The finance and investing industry loves to come up with more complicated ways to say fairly simple things, and market capitalization Market capitalization is the total value of all the coins that have been mined (multiply the number of coins in circulation by a single coin).Learn more is a perfect example of that.
0:13 What is market cap
1:59 Large cap stocks
2:08 Mega cap stocks
2:54 Mid cap stocks
4:06 Small cap stocks
4:11 Micro cap stocks
You’ll often hear it abbreviated to market “cap” — and really all this number does is tell you what a publicly traded company is worth. Market cap formula:
To find it, just take the number of shares of stock the company has issued and multiply it by the current market price of the stock.
Market cap is one of the best measures of a company’s size, and it can tell you a lot about what to expect if you’re buying a stock.
In general, large companies tend to have more stable and mature businesses, having proven themselves over time and weathered difficult business conditions to emerge stronger.
By contrast, smaller companies have a lot more room to grow. However, smaller companies tend to be younger, with riskier business models that haven’t yet proved themselves over time. Their odds of failure are significantly higher than those of larger companies.
Large-cap stocks have market capitalizations of $10 billion or more. Most of the best-known companies in the world are large caps, and some investors break out stocks with market caps of more than $200 billion into a separate category: mega-cap stocks.
Most large-cap companies have mature business models and generate substantial amounts of revenue. They often earn significant profits and have considerable market share within their industries, making them leaders in their fields. They’re also more likely than smaller companies to pay sizable dividends to their shareholders, because their businesses tend to produce greater amounts of available cash.
Mid-cap stocks have market caps in the range of $2 billion to $10 billion, occupying the middle ground between large and small companies. Mid-cap companies are large enough to have made considerable progress in building up successful business models, and that gives their investors some stability and protection against future challenges those companies will face.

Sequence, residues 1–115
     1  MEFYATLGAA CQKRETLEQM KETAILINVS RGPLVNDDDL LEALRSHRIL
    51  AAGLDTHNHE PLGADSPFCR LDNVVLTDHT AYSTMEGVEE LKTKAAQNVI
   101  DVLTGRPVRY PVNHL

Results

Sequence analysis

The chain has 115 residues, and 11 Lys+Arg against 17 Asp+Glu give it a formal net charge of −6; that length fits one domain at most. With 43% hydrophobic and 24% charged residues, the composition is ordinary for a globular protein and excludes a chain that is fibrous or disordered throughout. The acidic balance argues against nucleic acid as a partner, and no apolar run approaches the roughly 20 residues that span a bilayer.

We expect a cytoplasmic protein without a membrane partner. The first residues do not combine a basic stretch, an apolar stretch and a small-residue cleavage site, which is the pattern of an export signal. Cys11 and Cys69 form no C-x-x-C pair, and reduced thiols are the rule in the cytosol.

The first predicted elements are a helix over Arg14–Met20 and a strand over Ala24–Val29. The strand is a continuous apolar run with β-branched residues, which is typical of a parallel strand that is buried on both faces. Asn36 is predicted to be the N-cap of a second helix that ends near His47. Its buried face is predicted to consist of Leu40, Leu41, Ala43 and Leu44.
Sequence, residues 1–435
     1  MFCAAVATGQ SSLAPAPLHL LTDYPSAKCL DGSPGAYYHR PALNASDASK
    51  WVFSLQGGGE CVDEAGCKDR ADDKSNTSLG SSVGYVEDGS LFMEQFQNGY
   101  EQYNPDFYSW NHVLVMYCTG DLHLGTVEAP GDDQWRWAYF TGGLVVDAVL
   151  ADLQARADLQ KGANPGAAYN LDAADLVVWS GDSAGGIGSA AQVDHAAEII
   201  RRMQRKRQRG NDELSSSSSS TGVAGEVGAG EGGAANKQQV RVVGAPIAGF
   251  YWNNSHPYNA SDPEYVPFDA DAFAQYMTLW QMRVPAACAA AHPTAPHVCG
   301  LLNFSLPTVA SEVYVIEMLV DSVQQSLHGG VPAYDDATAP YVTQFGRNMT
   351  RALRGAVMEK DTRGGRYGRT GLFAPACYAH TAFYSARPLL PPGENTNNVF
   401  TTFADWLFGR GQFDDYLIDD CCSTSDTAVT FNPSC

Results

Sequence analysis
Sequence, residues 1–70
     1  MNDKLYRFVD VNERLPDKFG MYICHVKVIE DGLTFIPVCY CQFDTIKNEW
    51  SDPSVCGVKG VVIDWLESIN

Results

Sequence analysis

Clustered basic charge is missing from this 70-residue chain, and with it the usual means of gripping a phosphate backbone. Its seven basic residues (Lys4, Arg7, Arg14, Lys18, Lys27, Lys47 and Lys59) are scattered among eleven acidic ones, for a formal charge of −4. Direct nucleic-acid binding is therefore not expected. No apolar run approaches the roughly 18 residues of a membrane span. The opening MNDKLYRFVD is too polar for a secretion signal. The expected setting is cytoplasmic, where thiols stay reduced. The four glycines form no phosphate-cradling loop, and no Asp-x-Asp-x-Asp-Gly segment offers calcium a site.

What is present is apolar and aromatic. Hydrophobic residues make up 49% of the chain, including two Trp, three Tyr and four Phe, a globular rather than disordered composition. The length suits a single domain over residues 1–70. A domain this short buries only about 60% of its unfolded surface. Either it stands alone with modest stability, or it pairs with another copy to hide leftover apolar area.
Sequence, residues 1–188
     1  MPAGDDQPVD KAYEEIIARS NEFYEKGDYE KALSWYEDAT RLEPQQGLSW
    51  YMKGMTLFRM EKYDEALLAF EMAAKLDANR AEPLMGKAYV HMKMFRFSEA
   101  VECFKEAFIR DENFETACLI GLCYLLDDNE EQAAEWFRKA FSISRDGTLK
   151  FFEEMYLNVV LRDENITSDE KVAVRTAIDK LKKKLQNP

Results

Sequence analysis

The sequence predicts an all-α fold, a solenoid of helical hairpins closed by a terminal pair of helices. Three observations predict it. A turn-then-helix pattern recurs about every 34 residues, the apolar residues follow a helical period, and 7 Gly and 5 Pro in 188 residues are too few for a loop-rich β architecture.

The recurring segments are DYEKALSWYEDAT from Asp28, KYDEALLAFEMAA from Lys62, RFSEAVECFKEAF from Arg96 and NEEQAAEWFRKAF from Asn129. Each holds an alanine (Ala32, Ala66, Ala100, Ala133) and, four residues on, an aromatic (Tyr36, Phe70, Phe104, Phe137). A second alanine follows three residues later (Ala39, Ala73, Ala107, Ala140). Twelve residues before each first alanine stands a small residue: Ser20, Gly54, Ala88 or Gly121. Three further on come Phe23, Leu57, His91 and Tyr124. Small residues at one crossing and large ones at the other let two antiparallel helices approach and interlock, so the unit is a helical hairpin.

It’s important when investing in mid-cap stocks to know their history. Some mid-cap companies are still in their high-growth phase, while others have reached their full potential in relatively small niche industries of limited size.
If you’re looking in the mid-cap space, ideally you’re buying companies that are still posting impressive growth and gaining market share, those are the kinds of businesses that ultimately become large cap companies and reward shareholders along the way.
Small-cap stocks have market capitalizations of between $300 million and $2 billion. Some people also include within this category even smaller companies with market capitalizations of $50 million to $300 million, while others put those tiny stocks into a separate group as micro-cap stocks.
Small-cap companies tend to be younger than large caps or mid caps, and they often have a much shorter operating history as a businesses. Small caps often have considerable growth potential, but investors in small caps face a lot more uncertainty about their future.
Over time, small-cap stocks have historically produced higher average returns than large-cap stocks, but their performance has been more volatile along the way. That requires small-cap investors to have a greater risk tolerance than those who concentrate on larger stocks. Those with long time horizons can typically weather the ups and downs of small-cap stocks and therefore have a better chance of enjoying the reward of greater returns.
How to use market cap
Most investors find that having a diversified portfolio that includes large-cap, mid-cap, and small-cap stocks lets them tailor their desired return and risk levels to their specific wishes.
If you want your portfolio to be more stable, then you’ll want a larger allocation to large-cap stocks. Those who want greater amounts of current income will also typically gravitate to large caps because they tend to be the dividend payers. By contrast, if you don’t need much income and your primary goal is to have your portfolio grow as much as it can over many years, then you’ll likely want to make larger investment allocations to small-cap and mid-cap stocks.
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